- Do protect your credit card just like you protect your bank account information. While most good credit cards won’t hold you accountable for purchases made on your stolen card, it is important to be vigilant anyways about making sure thieves don’t have access to the number. Make sure websites are legit before you enter it online, don’t leave it sitting out in public, etc. Use common sense here.
Picking The Right Credit Card For You
From personal experience, I know that this can be overwhelming. There are so many options out right now, it can make you want to not pick anything and just give up. I’d like to discuss some types and how to narrow down the type of card you want.
- Secured card: you usually have to put down some money here, sort of like a debit card (like $50 on a card with a $200 limit). You eventually get your money back once you prove to be a responsible card user and your credit card company will want to switch you over to a non secured card. These are usually for an individual that is young and maybe does not have a long credit history (has no credit) or for someone who is trying to repair their credit (has bad credit).
- Rewards/cashback cards: these are cards with, you guessed it, rewards. These can be a variety of things, and can really be specialized for you and your interests. Rewards can be in the form of cashback (like 2% on all your purchases, or seasonally rotating categories like 5% on groceries in quarter 1, and 5% on airlines in quarter 2, etc. I am a fan of seasonally rotating categories with a high percentage of cashback plus 1-2% on all other purchases the rest of the time), or points which can then be applied towards things like airline travel, hotel stays, etc. If you are interested in this category and have a hobby you spend a little on, I’d suggest just getting started by googling “credit cards for [insert hobby here]”.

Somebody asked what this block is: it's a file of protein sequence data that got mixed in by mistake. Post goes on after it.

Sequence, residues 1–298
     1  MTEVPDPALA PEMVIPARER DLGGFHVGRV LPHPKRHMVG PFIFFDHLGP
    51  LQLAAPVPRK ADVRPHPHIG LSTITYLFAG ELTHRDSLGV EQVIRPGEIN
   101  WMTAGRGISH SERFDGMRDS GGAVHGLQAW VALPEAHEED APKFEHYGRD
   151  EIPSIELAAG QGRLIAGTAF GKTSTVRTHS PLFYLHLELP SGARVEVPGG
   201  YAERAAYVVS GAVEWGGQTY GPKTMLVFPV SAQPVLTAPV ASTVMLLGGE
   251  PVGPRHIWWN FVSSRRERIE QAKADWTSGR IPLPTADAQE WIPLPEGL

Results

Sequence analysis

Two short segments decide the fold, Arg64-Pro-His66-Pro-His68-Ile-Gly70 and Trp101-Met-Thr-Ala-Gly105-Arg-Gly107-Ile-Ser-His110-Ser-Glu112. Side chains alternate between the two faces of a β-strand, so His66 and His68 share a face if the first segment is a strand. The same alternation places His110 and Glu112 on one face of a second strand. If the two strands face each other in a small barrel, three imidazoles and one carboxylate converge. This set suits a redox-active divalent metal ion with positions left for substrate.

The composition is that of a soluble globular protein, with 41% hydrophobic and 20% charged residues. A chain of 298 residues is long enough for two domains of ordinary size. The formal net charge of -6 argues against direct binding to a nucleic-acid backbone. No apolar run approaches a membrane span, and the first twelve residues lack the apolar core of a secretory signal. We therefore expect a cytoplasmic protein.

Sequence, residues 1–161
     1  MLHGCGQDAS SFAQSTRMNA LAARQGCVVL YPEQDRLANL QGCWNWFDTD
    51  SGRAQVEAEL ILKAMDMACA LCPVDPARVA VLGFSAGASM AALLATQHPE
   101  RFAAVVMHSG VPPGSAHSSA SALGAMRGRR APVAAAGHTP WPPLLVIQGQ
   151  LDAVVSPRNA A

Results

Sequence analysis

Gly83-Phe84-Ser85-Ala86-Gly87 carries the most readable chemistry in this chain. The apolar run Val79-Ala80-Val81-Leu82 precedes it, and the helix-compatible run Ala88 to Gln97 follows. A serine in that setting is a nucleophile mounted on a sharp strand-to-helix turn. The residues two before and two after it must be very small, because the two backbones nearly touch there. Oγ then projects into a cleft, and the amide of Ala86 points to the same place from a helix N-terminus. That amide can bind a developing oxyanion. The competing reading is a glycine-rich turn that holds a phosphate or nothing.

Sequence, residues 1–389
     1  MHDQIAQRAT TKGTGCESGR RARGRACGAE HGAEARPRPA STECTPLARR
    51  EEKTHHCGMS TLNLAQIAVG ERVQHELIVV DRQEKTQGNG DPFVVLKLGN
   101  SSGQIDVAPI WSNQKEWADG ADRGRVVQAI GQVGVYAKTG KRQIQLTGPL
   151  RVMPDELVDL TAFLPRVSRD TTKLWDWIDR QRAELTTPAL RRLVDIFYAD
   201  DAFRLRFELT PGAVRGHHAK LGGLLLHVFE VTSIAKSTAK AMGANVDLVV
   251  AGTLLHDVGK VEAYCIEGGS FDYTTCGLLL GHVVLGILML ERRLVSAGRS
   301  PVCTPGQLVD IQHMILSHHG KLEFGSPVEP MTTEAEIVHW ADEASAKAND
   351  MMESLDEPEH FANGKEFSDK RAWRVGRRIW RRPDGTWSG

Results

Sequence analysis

- Low interest: cards that are best for if you plan on or already do carry a balance
- Balance transfer: cards that’s are best for if you plan on or already do carry a balance
And if you need more details, you can check out this article with more info on types of credit cards here.
So, there you have it. Hope this quick credit card guide helped you make a little more sense of credit cards and maybe got you on the right track for using one responsibly.